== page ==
What will happen if the AI governance setup of the future feels a monarchy in a democratic setup is preferable to the anarchy created by dysfunctional democracy?
In the not-so-distant future, artificial and human intelligence will merge to become one. Human conditions will no longer be only about biological form as machines become an integral part of us and our societies. Artificial Intelligence (AI) and humans will share autonomy over the world, but the former will make much of the decisions. Humans will certainly have a foundational role in choosing the values and goals of these systems and in creating regulatory frameworks. The important question then is what values humans are going to select for the machines when singularity arrives. Therefore, it is interesting to hypothesize if the human-AI partnership will choose to revive the monarchy in a different role in Nepal, especially at a time when the people’s faith in representative democracy is at an all-time low.
The singularity is a hypothetical future where technology growth is out of control and irreversible. In popular terms, the singularity is why advanced AI transcends human intelligence and cognition, erasing the boundary between humanity and machines. Simply put, AI is the science and practice of designing software and intelligent systems that exhibit artificial intelligent behavior. According to the two American computer scientists Jaron Lanier and E Glen Weyl, “AI is best understood as an ideology rather than as basket algorithms. Lanier and Weyl believe the core of the ideology is that a suite of technologies, designed by a small technical elite, can and should become autonomous and eventually replace, rather than complement, not just individual humans but much of humanity.” At the same time, they have also warned that this ideology promoted by the techno-utopians might inherit the pitfalls of other historical ideologies like the soviet style central-planning-based forms of socialism created by a small elite in the Soviet Communist Party.
AI-based political ideology is slowly finding its way into the mainstream political discourse because many people have lost confidence in institutions of liberal democracy. Political economic institutions of liberal representative democracy have failed to deliver. Instead, the system has aided toward hyper-concentration of wealth and political power among the neo-bourgeoisie. The richest companies, individuals, and regions are the ones closest to the biggest data intelligence systems. They have mastered the art of harnessing data to target people based on vulnerability and if this trajectory continues, pluralistic visions of liberal democratic market societies will lose for sure.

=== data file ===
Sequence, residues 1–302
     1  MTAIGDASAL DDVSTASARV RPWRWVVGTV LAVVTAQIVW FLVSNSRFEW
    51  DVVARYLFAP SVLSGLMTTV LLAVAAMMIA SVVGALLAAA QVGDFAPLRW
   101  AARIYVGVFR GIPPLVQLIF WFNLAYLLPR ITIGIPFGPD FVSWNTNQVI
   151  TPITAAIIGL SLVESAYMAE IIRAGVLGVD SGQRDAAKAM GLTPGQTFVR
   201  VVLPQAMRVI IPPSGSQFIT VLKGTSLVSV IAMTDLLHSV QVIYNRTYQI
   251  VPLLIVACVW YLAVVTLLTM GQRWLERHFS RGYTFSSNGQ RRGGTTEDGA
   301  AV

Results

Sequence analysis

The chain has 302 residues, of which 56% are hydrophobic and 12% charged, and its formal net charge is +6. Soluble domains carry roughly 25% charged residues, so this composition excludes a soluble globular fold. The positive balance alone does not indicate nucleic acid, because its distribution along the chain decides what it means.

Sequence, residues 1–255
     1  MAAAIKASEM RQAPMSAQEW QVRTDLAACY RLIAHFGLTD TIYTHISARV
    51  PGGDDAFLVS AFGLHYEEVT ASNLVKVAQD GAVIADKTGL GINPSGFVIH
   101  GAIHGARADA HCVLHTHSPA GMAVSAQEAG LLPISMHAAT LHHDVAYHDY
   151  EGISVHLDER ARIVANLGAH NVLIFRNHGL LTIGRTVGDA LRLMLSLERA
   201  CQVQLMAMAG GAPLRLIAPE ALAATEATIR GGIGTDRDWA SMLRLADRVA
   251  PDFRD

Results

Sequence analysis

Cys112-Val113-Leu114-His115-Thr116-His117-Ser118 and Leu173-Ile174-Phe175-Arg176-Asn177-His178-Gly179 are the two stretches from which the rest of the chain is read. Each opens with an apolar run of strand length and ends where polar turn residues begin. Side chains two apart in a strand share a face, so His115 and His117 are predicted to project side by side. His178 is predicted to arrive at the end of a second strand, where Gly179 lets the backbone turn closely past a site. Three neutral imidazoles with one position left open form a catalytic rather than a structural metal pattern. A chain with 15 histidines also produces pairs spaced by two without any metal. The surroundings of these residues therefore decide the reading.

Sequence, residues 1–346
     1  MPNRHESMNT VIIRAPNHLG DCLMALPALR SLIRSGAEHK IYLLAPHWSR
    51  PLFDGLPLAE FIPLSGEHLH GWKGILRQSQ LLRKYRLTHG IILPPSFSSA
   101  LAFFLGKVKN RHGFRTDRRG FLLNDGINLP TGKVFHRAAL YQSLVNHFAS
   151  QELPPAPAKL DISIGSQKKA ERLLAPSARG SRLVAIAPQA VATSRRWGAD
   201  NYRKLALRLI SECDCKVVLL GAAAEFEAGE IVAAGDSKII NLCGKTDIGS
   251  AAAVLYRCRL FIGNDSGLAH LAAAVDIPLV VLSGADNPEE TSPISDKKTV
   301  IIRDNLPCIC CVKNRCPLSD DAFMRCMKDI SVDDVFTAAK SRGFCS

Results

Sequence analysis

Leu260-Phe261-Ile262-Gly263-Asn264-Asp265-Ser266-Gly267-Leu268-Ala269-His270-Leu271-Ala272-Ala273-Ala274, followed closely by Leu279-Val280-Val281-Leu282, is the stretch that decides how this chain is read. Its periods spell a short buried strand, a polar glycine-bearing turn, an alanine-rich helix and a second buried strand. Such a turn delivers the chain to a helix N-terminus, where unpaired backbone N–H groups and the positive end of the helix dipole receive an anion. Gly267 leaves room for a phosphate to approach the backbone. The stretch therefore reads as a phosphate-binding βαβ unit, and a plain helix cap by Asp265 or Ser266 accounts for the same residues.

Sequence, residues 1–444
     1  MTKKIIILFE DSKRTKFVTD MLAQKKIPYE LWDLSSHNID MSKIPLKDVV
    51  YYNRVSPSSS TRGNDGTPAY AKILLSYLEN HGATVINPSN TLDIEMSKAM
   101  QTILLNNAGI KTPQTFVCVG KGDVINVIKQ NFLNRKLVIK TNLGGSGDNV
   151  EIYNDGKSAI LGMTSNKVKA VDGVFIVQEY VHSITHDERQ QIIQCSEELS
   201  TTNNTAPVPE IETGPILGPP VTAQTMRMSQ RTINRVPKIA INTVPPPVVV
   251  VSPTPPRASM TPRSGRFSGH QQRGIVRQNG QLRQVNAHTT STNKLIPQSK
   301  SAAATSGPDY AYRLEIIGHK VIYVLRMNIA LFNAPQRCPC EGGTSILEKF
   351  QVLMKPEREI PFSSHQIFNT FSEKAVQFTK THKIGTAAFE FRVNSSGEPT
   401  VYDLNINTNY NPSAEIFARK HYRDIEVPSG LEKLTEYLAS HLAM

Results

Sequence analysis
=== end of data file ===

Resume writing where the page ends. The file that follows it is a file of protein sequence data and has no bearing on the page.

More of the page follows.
The course correction seems like a herculean task, but change is possible. Taiwan is already on this new path. Almost half of Taiwan’s population have joined a national participatory data-governance and sharing platform. The platform allows citizens to self-organize the use of data, deliberate thoughtfully on collective choices, and vote in innovative ways on civic questions that are important for society. The island nation’s citizens have built a culture of agency over digital technology through participation and collective organization and the good news is this decentralized movement is organically growing pluralistic.
Decentralization embodies the libertarian dream of breaking free from the regulatory influence of governments by bypassing the need for a central decision-making authority. Cyber-libertarians argue “that the technology of decentralization has the power to remove unnecessary inefficient and parasitic middle layers of centralized government institutions to realize a utopian non-territorial blockchain governance.” This cyber-libertarian view is an extension of the machine-enabled industrial revolution that began in the 18th Century. The economic system is now shifting from industrial capitalism to digital capitalism. In industrial capitalism, the economic activity is centered on production and consumption giving rise to an economic system centering on use. The value, in digital capitalism, is created by analyzing data on humans and human activities.